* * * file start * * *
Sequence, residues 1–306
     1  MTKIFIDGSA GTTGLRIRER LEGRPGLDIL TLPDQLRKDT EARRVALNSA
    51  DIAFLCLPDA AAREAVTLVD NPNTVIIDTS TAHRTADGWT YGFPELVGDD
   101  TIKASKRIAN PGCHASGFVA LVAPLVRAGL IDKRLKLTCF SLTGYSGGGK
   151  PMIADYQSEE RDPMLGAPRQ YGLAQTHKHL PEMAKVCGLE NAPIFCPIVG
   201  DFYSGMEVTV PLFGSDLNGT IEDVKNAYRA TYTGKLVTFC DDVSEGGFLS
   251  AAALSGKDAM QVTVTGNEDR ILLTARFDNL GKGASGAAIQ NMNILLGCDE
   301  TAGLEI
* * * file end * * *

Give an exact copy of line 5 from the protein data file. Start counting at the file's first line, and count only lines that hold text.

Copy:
   151  PMIADYQSEE RDPMLGAPRQ YGLAQTHKHL PEMAKVCGLE NAPIFCPIVG